I had a long chat with Andy who wondered, like me, if ATP might insist we sign the contract before leaving. So I texted Chris and asked him to send me his BBC contracts (which he had previously offered to do) and his revised ATP contract (if he has it). Chris texted me saying he’d sort that out. He then called saying I should suggest to everyone that they make a list of their ‘demands’ tomorrow. Things like higher per diems. Five day weeks during prep. Proper transport around Qatar. Paid holidays and flights. Basically, all the stuff any normal production company would have already given us.

So tomorrow we will be listing our collective requirements, possibly revising the contract accordingly, and – well, that’s it.

Of course, Qatar costs a LOT more than Jordan. If the Studio really wants it shot there, they need to spend a LOT more money. But there’s the slightly sticky problem of that contract ATP signed where they promised to deliver for about $40 million regardless of where they shoot. So we may be back here in a month when they realise there is no way they can shoot it there for the budget they have.

Unless of course, they realise that giving more money to ATG is just throwing money down the toilet.

The Contract

Signing Contract Squeezed Out Of Us?

You know when ATG is up to something because they pay you on time. This week, my wages arrived on Wednesday and my per diems arrived on Thursday which, while a day late, occurred without their having to be reminded (my accounting software tells me they are an average of 12 days late when my Deal Memo says I must be paid within 7 working days).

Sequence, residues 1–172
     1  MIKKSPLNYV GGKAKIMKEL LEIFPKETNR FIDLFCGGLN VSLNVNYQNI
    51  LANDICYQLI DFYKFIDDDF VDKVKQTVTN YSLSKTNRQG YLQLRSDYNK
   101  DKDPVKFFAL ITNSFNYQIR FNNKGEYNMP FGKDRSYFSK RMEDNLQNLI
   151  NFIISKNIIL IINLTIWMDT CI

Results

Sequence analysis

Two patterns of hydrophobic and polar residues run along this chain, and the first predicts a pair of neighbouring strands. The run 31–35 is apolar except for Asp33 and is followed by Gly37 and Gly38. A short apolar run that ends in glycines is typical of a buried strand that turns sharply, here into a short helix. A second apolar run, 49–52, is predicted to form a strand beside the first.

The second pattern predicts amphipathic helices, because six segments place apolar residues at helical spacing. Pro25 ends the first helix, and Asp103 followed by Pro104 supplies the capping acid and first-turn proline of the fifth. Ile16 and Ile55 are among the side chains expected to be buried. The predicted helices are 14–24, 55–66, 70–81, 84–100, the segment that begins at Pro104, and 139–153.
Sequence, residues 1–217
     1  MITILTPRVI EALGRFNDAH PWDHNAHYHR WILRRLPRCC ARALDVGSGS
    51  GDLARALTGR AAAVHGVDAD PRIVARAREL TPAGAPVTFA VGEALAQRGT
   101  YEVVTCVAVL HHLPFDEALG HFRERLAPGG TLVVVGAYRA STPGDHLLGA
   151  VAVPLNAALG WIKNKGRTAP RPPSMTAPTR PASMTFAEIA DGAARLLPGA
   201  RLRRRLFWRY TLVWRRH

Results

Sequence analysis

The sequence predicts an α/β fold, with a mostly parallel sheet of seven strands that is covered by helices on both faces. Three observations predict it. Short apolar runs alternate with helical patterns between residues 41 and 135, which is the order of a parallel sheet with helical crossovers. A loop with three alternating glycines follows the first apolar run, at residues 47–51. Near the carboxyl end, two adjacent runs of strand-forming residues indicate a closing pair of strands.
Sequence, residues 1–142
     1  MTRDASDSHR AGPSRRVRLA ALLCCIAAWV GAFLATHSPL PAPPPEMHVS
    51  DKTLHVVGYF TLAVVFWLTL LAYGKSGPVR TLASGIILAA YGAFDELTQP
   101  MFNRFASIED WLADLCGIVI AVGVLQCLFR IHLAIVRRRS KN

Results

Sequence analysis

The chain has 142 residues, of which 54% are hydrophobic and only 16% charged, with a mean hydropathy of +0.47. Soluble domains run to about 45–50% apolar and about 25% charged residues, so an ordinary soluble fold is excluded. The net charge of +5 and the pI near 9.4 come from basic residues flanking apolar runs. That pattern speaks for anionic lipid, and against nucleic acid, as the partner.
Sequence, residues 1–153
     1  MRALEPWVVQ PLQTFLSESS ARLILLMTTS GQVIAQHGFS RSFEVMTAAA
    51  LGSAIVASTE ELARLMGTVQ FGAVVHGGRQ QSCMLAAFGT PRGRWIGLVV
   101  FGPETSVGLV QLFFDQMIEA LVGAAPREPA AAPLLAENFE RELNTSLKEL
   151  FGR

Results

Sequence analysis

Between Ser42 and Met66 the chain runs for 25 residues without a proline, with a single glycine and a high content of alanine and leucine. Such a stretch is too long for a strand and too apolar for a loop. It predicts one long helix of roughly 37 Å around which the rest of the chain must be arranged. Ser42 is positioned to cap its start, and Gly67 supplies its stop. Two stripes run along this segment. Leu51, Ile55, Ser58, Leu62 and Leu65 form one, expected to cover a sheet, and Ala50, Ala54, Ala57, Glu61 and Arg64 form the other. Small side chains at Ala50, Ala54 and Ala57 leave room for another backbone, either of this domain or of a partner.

So what were they up to? Well, last thing on Thursday we were presented with our contracts.

This provided some very funny (though rather sobering) moments as we read them. Clauses included conditions like;

  1. In the event that we quit we must repay *all* our wages.
  2. In the event that filming had to stop due to Force Majeur, we must carry on working without pay and once filming recommenced we were to return to the job regardless of whether we were on another job or not.

The first clause – about having to pay wages should you quit without their permission – was put in Chris Richmond’s contract months ago. Chris spotted it and had it removed, and then signed it. The next day, an ATG lacky brought the contract back saying they had made an error – the date was wrong or something – and asked, could he resign it? Chris re-signed without thinking about it. Only after did he realise they had swapped it back to the old contract and tricked him into signing it!!!

Despite this story and its many insane clauses, the contract became the source of cautious amusement amongst the Art Department. It was full of typos, bad punctuation, grammatical errors and numerous other mistakes that meant the contract could never be held up in a court of law.

The curious thing is ATG has several lawyers permanently working for it. So the question is why were we presented with a contract that looked like it had been written by a 13-year-old who had cobbled it together from numerous other contracts from other countries?

In addition, it was clear from the contract that ATG did not actually know what our jobs were! For example, my contract as Art Director included conditions that I was responsible for sourcing and taken charge of set dressing and special effects, both of which actually fall under different departments.

Finally, my contract stated that I was responsible for managing the budget despite the fact I have never seen a budget and have no idea how much money my department has to spend. Plus I have absolutely no access to the money anyway.

In short, it was the silliest contract that I, and everyone else in the Art Department, had ever seen. And I knew that in this one document, I had finally seen evidence that his company really could not be trusted.